Hall v. Norton, 266 F.3d 969, 977 (9th Cir.2001) (emphasis added) (citation omitted). If the Corps had conducted a “full” EIS considering increased traffic and the cumulative impact of the dock extension as OA requested, the Corps' decision to grant BP the permit and the permit extension could have been influenced by those environmental studies. OA certainly meets this undemanding burden.
D. Prudential Standing
OA easily meets the prudential standing requirement because its injuries are within the zone of interests protected by NEPA and the Magnuson Amendment. The zone of interests test is “not meant to be especially demanding.” Clarke v. Sec. Indus. Ass'n, 479 U.S. 388, 399, 107 S.Ct. 750, 93 L.Ed.2d 757 (1987). OA need only show that its interests share a “plausible relationship” to the policies underlying each statute. Id. at 403, 107 S.Ct. 750. Prudential standing is satisfied unless OA's “interests are so marginally related to or inconsistent with the purposes implicit in the statute that it cannot reasonably be assumed that Congress intended to permit the suit.” Id. at 399, 107 S.Ct. 750.
OA's interests clearly meet the lenient zone of interests test. Congress drafted NEPA in order to protect the environment, by “fulfill[ing] the responsibilities of each generation as trustee of the environment for succeeding generations” and “attain[ing] the widest range of beneficial uses of the environment without degradation.” 42 U.S.C. § 4331(b). The Magnuson Amendment attempts to reduce the threat of “increased domestic and international traffic of tankers carrying crude oil in bulk which increases the possibility of vessel collisions and oil spills.” 33 U.S.C. § 476(a)(2). It is without question that OA seeks to avoid the harmful effects of increased tanker traffic, and relatedly, the increased risk of oil spills, an objective that matches the aim of the Magnuson Amendment as well as the general goal of environmental protection lauded in NEPA.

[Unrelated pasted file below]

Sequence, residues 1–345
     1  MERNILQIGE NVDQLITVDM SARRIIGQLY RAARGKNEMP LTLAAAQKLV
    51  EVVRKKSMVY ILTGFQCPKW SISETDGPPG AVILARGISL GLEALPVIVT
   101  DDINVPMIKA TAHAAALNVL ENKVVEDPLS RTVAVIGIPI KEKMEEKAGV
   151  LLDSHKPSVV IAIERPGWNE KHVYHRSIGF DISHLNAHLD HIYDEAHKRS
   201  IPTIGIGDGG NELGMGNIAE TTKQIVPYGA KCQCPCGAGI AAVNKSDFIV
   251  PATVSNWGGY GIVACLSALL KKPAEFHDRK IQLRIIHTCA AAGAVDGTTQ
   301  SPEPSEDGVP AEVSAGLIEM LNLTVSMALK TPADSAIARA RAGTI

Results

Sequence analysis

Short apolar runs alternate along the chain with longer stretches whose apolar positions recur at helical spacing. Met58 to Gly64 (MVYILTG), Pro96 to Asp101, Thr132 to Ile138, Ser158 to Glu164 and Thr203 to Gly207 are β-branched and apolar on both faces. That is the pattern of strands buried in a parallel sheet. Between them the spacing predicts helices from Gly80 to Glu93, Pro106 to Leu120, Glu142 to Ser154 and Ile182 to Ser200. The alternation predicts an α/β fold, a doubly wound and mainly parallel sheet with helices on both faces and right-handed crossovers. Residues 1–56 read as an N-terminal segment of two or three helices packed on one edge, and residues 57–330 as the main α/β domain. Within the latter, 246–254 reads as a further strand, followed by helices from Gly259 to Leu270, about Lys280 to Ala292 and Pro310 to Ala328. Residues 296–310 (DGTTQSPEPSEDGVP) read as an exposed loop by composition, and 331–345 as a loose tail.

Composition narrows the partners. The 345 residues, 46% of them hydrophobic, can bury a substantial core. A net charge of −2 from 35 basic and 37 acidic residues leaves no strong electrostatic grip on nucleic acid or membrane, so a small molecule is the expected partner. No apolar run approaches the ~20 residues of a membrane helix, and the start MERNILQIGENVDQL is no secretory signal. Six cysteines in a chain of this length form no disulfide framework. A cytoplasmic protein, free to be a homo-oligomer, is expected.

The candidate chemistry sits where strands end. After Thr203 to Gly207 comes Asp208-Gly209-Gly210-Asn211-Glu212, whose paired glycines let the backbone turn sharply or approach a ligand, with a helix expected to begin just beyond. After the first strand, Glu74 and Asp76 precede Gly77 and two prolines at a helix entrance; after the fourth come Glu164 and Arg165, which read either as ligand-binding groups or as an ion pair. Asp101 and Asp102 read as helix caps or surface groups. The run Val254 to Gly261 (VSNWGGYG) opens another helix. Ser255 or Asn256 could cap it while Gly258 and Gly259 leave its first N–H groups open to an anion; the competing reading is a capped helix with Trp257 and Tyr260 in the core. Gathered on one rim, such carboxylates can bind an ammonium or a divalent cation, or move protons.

E. Organizational Standing
OA also must satisfy us that it has organizational standing. OA can successfully allege organizational standing if its members would have standing to sue on their own behalf, the interests at issue are “germane” to OA's mission, and neither the substantive claim nor the remedy sought necessitates the participation of any individual member of OA. Laidlaw, 528 U.S. at 181, 120 S.Ct. 693 (citing Hunt v. Wash. State Apple Adver. Comm'n, 432 U.S. 333, 324, 97 S.Ct. 2434, 53 L.Ed.2d 383 (1977)).